With all his might he resisted the emperor Valens, who strove to introduce Arianism into his diocese, and impressed the emperor so strongly that, although inclined to banish the intractable bishop, he left him unmolested. To an imperial prefect, astonished at Saint Basil’s temerity, he said, “Perhaps you have never before dealt with a proper bishop.”
To save the Church from Arianism, Basil entered into connections with the West, and with the help of Athanasius, he tried to overcome its distrustful attitude toward the Homoousians. The difficulties had been enhanced by bringing in the question as to the essence of the Holy Spirit. Although Basil advocated objectively the consubstantiality of the Holy Spirit with the Father and the Son, he belonged to those, who, faithful to Eastern tradition, would not allow the predicate homoousios to the former; for this he was reproached as early as 371 by the Orthodox zealots among the monks, and Athanasius defended him.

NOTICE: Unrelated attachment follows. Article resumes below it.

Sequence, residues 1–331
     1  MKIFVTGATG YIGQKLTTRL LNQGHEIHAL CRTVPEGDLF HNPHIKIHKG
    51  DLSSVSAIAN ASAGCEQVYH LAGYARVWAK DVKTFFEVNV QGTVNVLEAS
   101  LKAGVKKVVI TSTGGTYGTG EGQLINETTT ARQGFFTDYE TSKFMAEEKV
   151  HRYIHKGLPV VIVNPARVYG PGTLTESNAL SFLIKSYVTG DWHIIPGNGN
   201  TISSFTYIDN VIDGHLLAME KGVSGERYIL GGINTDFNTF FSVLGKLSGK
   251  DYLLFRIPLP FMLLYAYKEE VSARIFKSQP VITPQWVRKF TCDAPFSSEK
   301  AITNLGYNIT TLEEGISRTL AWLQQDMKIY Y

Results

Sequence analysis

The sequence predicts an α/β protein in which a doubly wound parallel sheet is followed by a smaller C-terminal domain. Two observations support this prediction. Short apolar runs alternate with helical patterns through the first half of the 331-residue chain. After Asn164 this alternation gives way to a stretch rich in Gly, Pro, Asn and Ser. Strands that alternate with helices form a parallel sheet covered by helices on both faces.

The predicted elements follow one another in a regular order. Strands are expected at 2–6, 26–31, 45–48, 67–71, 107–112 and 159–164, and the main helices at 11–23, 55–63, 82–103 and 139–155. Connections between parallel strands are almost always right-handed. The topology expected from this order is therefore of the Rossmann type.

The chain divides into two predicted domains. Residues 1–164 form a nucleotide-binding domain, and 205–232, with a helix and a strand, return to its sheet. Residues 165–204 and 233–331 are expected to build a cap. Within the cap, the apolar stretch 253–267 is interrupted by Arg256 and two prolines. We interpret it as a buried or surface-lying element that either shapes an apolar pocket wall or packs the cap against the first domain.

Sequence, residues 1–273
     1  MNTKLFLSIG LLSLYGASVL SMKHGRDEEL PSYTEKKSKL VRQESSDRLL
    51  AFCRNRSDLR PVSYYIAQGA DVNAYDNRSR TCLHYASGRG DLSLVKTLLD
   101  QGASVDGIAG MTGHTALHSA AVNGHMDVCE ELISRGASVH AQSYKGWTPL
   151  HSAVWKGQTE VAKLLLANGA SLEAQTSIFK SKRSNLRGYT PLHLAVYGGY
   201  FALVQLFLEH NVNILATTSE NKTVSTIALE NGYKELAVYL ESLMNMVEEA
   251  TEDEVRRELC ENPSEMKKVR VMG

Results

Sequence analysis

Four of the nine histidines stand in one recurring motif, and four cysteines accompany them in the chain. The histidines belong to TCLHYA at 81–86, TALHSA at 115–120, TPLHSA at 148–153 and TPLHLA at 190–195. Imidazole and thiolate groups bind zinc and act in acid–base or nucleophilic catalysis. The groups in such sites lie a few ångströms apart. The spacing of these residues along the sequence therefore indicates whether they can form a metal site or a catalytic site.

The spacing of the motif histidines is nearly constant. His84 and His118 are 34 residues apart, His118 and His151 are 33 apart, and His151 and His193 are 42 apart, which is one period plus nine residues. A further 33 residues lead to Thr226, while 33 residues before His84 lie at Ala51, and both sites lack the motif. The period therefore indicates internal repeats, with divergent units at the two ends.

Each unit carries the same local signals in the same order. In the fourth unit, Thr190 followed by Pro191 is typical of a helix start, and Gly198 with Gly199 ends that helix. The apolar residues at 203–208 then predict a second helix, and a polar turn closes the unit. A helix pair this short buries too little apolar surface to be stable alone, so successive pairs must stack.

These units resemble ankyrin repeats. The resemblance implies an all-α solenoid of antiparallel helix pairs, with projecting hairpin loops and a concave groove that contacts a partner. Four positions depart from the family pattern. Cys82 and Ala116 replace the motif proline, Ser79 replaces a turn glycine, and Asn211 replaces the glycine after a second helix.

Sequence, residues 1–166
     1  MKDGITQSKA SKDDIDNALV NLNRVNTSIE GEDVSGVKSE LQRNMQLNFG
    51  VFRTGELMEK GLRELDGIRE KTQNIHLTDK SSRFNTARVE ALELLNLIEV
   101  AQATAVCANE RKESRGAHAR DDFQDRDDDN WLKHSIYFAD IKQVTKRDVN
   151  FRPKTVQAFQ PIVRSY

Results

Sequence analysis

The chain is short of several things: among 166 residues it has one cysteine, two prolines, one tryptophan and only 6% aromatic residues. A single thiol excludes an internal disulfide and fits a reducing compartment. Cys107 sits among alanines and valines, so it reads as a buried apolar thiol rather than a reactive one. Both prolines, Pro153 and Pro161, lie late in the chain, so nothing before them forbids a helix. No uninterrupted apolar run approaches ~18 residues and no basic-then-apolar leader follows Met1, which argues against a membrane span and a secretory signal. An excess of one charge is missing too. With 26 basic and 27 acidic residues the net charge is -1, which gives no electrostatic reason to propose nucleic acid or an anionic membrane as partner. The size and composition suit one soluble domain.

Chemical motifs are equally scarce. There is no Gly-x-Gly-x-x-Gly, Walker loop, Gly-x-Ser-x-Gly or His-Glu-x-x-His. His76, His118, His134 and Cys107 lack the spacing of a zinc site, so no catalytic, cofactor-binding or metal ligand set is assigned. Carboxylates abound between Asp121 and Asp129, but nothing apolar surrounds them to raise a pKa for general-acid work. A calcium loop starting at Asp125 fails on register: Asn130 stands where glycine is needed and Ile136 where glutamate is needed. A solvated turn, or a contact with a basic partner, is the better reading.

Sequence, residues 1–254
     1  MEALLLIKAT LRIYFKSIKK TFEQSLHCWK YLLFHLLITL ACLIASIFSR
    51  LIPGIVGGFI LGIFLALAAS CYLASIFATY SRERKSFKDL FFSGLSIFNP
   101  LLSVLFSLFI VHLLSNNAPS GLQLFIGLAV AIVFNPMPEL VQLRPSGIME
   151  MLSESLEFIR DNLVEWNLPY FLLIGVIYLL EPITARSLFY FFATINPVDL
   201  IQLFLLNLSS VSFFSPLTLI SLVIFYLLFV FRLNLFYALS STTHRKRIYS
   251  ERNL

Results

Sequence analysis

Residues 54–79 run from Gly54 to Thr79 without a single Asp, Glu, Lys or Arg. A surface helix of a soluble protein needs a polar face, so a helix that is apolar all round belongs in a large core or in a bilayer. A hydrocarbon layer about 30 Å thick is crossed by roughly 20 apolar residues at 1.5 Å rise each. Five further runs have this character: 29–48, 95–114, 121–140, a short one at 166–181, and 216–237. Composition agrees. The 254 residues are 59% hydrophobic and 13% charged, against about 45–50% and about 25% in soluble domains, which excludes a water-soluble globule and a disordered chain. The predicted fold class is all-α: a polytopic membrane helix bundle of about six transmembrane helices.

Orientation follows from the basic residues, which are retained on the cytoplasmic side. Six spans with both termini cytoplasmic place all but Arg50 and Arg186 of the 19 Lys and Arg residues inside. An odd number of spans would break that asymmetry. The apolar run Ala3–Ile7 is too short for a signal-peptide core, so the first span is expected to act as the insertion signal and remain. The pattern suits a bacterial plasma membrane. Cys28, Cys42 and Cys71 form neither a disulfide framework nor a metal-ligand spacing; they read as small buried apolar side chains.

His relations also with Eustathius were maintained in spite of dogmatic differences and caused suspicion. On the other hand, Basil was grievously offended by the extreme adherents of Homoousianism, who seemed to him to be reviving the Sabellian heresy.
He did not live to see the end of the unhappy factional disturbances and the complete success of his continued exertions in behalf of Rome and the East. He suffered from liver illness and his excessive asceticism seems to have hastened him to an early death. A lasting monument of his episcopal care for the poor was the great institute before the gates of Caesarea, which was used as poorhouse, hospital, and hospice.
Your proclamation has gone out into all the earth
Which was divinely taught by hearing your voice
Expounding the nature of creatures,
Ennobling the manners of men.
O holy father of a royal priesthood,
Entreat Christ God that our souls may be saved.
You were revealed as the sure foundation of the Church,
Granting all men a lordship which cannot be taken away,
Sealing it with your precepts,
O Venerable and Heavenly Father Basil.